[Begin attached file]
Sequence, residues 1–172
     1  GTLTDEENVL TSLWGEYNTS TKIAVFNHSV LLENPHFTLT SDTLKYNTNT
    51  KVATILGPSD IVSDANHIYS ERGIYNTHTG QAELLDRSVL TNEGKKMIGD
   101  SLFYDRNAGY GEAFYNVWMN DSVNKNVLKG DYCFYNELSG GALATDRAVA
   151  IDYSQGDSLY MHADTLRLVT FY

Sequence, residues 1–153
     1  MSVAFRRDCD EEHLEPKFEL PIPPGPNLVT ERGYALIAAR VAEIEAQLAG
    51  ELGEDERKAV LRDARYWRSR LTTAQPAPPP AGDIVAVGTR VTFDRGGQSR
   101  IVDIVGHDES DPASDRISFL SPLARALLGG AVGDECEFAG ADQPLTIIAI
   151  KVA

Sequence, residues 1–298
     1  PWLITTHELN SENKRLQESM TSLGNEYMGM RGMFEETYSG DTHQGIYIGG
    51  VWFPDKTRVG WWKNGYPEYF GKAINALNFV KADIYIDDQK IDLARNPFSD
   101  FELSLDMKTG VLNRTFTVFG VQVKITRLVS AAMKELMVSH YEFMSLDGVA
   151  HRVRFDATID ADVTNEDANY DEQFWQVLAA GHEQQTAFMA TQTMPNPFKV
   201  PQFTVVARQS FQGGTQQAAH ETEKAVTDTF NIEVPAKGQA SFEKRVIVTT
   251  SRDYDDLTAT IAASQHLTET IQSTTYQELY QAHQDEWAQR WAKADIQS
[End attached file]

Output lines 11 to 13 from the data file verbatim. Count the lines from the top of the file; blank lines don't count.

Sequence, residues 1–298
     1  PWLITTHELN SENKRLQESM TSLGNEYMGM RGMFEETYSG DTHQGIYIGG
    51  VWFPDKTRVG WWKNGYPEYF GKAINALNFV KADIYIDDQK IDLARNPFSD